Undeniably, these problems exist in traditional “pen and ink” transactions. The industry has long been concerned about making sure the identity of the person executing documents can be determined with confidence, that they have the necessary capacity to convey land, and they understand their transactions. Over the years, we’ve developed methods to minimize our risk. We see the person sign, we inspect their valid, government issued identification, we observe the person’s demeanor, and, where appropriate, we explain the documents put in front of them and ask if they understand. When we move to a remote, electronic system, we clearly need to develop a set of new techniques to address these customary concerns. In large part, this will require us to completely understand the electronic transaction systems we plan to use. This will also require us to fully vet the vendors we may consider utilizing to furnish these services to us and our clients. There are a number of factors we must think about.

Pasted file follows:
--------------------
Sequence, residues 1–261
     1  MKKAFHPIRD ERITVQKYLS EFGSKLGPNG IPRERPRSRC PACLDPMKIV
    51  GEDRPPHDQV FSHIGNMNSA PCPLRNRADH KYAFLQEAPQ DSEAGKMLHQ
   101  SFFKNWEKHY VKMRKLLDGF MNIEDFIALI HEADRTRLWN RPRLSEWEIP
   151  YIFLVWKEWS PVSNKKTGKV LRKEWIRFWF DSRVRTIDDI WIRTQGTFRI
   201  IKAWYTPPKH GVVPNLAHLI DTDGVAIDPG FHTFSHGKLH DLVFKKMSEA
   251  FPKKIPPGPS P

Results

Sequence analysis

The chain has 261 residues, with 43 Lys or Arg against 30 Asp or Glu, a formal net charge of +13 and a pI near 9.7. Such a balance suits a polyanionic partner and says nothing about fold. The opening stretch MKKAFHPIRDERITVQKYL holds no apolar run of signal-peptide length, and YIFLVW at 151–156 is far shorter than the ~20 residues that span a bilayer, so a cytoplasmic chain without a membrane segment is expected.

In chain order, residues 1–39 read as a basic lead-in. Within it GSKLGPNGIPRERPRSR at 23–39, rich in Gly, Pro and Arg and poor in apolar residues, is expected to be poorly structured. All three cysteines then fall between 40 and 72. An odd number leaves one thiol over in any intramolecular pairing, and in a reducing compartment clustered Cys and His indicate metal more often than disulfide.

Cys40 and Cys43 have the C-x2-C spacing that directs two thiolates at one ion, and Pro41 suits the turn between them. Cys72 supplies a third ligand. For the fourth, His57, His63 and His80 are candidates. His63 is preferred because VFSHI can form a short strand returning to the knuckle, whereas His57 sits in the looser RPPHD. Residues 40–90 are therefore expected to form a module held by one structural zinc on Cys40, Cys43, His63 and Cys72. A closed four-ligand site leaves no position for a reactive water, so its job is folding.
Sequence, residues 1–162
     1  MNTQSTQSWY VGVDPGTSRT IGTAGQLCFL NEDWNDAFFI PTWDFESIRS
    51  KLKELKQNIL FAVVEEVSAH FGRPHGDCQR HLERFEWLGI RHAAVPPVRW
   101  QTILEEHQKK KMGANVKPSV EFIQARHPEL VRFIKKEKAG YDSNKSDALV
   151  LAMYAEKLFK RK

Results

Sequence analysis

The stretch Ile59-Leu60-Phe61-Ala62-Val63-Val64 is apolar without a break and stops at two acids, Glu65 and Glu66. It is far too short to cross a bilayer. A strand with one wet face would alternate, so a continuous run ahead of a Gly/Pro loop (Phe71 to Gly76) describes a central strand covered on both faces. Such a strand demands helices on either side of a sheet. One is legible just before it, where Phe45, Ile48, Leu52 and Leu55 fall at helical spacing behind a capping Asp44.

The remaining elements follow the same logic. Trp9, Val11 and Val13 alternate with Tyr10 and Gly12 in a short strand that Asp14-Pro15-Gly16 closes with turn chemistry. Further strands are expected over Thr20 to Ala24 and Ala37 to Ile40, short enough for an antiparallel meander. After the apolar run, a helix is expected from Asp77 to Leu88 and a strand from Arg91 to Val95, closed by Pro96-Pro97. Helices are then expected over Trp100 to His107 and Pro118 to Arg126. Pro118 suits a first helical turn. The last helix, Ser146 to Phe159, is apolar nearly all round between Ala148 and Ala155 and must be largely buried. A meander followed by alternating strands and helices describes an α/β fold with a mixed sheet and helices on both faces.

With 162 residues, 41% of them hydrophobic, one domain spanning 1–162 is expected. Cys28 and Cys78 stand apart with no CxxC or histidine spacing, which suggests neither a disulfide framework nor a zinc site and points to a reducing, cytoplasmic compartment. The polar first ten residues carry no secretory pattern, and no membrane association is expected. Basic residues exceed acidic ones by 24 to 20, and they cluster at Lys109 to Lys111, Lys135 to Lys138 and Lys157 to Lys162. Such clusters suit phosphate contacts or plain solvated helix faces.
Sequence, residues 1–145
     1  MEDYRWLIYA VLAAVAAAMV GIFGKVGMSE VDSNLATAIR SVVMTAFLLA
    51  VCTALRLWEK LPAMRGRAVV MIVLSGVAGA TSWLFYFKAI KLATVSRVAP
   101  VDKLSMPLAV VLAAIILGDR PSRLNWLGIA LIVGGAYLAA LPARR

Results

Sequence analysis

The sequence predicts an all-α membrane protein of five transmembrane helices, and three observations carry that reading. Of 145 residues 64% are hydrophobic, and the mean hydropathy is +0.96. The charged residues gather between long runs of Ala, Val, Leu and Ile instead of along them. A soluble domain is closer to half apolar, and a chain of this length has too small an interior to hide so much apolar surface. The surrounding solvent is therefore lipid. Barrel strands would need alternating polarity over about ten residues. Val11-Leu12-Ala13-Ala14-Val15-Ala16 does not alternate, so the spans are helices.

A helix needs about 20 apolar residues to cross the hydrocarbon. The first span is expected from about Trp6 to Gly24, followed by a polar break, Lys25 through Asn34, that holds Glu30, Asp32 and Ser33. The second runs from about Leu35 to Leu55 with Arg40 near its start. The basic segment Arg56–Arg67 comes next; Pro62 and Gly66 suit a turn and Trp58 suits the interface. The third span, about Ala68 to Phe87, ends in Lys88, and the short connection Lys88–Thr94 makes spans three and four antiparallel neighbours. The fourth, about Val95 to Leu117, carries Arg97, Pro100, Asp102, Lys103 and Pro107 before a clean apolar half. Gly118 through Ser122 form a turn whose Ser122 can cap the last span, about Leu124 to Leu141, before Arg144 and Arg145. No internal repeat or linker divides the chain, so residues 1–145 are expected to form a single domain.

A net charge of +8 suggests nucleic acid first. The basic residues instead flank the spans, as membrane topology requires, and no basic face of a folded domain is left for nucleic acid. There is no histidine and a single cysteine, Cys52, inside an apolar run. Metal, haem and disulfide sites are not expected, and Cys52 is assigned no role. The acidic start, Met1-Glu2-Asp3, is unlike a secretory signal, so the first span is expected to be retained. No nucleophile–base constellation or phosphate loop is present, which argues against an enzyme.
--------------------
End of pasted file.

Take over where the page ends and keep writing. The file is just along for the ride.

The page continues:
First we need to know how a signer, not in our presence, will be identified. Will they use a password? A token? Will they answer secret questions (known as “out of wallet” questions)? Is there biometric identification of some kind, like a fingerprint? Will there be a notary acknowledgement? Second, we need to determine what controls will be in place to assure that the person who has been identified is actually the person clicking the “sign” button? After their identity is initially determined, is the time between “logging in” and signing electronically tracked? On the theory that signing soon after log in makes it less likely that a third party intervened, will there be a time out feature requiring them to log in again? Is there a built in protection against any tampering once the signature is affixed? How does the system address whether or not the person signed deliberately, voluntarily and understood what it is they were doing? Will they sign each page? Will they answer questions about key factors in their transaction? Then, how will the gathered information be archived and be made available if needed for law suits, auditing or regulators? Finally, how are privacy and other regulatory concerns addressed by the company who will retain this information?